In Marshall McLuhan’s 1964 publication Understanding Media: The Extensions of Man, he proposed that ‘…the medium is the message.’ This famous excerpt has often been misunderstood as presuming that the ‘message’ is completely arbitrary and meaningless, which isn’t true. The meaning behind it states that the ‘medium’ has the power to change “the scale and form of human association and action”, as McLuhan once stated. Mediums are enablers of expression and changers of society, sometimes subtly and other times explicitly and noticeably, but McLuhan argues that it’s the unforeseen, long-term effects that are both fascinating and more important to recognize. I believe that McLuhan’s assessment is usually true, but in some instances this mightn’t be the case, although the medium is undeniably always ‘the message’. I’ll explore this notion with reference to both McLuhan’s original work and publications that express similar interpretations, then examine some instances where the ‘message’ and the ‘medium’ are distinct or don’t have an intrinsic relationship.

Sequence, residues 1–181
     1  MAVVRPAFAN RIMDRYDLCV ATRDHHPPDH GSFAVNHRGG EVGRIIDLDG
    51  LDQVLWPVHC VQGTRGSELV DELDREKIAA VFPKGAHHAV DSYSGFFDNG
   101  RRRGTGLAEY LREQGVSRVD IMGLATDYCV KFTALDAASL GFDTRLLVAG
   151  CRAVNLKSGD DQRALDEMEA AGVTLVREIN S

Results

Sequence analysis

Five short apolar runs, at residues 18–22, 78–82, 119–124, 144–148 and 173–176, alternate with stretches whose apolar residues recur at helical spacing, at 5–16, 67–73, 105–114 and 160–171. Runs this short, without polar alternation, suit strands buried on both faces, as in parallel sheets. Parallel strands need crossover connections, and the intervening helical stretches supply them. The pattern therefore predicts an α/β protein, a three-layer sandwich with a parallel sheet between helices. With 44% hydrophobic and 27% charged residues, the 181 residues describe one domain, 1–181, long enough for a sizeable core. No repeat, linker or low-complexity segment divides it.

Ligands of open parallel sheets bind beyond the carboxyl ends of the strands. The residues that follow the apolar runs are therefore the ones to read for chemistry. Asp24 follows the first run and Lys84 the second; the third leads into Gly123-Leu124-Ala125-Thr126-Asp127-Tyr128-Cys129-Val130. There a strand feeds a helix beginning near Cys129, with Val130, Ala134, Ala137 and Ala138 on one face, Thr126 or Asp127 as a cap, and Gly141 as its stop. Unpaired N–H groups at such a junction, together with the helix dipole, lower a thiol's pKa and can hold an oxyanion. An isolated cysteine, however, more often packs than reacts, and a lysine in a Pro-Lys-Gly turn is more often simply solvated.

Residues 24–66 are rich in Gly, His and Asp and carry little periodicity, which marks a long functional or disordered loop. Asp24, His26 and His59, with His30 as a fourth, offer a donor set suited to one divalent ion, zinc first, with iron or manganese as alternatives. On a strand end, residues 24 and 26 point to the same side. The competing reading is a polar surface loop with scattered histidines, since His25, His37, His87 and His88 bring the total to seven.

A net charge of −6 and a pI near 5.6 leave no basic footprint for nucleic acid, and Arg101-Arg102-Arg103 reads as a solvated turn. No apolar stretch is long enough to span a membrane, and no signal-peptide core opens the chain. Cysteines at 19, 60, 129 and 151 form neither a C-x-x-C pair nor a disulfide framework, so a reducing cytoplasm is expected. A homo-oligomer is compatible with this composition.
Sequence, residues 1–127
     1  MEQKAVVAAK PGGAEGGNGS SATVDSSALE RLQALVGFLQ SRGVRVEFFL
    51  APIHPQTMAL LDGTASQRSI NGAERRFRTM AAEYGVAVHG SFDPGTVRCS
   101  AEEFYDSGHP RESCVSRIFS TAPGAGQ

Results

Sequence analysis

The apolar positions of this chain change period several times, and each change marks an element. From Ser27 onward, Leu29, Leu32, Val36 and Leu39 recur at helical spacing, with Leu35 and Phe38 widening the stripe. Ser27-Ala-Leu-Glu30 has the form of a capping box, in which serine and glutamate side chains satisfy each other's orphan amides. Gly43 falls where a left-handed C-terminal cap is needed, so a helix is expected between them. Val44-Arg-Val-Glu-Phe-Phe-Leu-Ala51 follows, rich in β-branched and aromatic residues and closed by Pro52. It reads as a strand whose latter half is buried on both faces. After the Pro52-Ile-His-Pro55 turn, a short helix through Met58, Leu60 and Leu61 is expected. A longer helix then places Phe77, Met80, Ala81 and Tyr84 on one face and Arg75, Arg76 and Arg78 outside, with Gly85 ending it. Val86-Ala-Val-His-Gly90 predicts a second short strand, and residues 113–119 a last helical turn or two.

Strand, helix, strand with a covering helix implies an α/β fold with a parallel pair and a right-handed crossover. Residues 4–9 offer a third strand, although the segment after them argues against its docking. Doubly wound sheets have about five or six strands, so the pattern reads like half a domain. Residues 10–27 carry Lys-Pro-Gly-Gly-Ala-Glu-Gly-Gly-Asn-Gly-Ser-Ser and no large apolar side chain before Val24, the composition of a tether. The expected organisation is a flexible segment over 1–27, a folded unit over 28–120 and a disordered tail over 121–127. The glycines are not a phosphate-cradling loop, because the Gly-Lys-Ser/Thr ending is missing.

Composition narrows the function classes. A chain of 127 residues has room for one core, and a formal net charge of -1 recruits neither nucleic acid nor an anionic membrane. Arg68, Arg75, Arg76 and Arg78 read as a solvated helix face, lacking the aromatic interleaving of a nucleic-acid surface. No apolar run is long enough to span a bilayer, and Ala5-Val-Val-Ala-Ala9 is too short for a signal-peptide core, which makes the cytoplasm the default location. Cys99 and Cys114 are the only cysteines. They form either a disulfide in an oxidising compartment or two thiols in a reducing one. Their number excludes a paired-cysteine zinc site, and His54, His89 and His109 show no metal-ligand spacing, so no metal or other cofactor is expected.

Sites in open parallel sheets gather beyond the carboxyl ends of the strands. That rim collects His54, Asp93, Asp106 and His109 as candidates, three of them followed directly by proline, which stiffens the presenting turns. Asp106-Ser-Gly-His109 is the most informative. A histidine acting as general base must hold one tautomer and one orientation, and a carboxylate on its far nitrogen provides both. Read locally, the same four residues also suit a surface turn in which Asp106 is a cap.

Terrence Gordon, author of a biography on McLuhan prefaces his understanding of the notion ‘the medium is the message’ by stating that at the time of Understanding Media’s publication, McLuhan ‘was disturbed about mankind’s shuffling toward the twenty-first century in the shackles of nineteenth century perceptions.’ (2002) McLuhan desired to show a depth in media that wasn’t being realised, explored, or perceived neither by the public or his colleagues. Early in Understanding Media (1964) he gives the example that it does not matter whether a machine spits out cereal or cars; the ‘restructuring of human work and association’ is the true focal point. The machine as a medium has far bigger implications by being a job taking, automatic and faceless worker than the impact of its output. The automatic nature of the machine is inherently ‘integral and decentralist’. (McLuhan, 1964, p. 1) The output or ‘message’, he is quick to note, is in and of itself a medium too. The electric lightbulb can be thought of as a medium ‘without a message’, providing environments otherwise too dark instant enlightenment with the ability to continue life as if it were daytime, continuing with discussions, projects, any activity. Academic Mark Poster gives his own example of the importance of mediums, mentioning that any society without writing ‘are thereby societies without history’ (Poster, 1990, p.10). While history itself as the message is important, the ability to handwrite on mediums such as papyrus and paper undoubtedly precludes this. In a nutshell, McLuhan states that the medium is in control of everything. It defines the messages, and ‘shapes and controls the scale and form of human association and action.’ Nothing we witness is through an objective, all-knowing framework and even then, McLuhan says, the ‘”content” of a medium is like the juicy piece of meat carried by the burglar to distract the watchdog of the mind’ (1964, p.8) and we ignore the wider effects of changes in societal structure that are more likely to appear slowly and unexpectedly with new technologies. In this way, we can conceive of the characteristics and intricacies of any innovation we create by paying close attention to the changes in the way society acts due to the affordances and limitations of new technologies (Federman, 2004). An example of the way a medium will slowly but surely alter the social fabric of a society, McLuhan makes a case for the reintroduction of money in 17th Century Japan caused a the revolution collapsing the feudal government and slowly reintroduced Japan to the world after centuries of seclusion. He elaborates on this event, stating that ‘Money … reorganized the sense of people’s life because it is an extension of our senses and lives’. It was practically irreversible, and this change wasn’t enabled or hindered by the approval or disapproval of the Japanese people. The underlying medium completely overhauled their society, although this is an example of easily observable change and with a massive effect. To that vain, McLuhan states that you can’t simply expect mediums to perform a single observable purpose and exist in a vacuum. When ‘operating on society with a new technology, it is not the incised area that is most affected’ (McLuhan, 1964, pp. 12-13). The unprecedented ‘infectious’ outcomes of the societal surgery are the most interesting to McLuhan, as it demonstrates the magnitude of weight that the medium has apart from it’s desired ‘message’.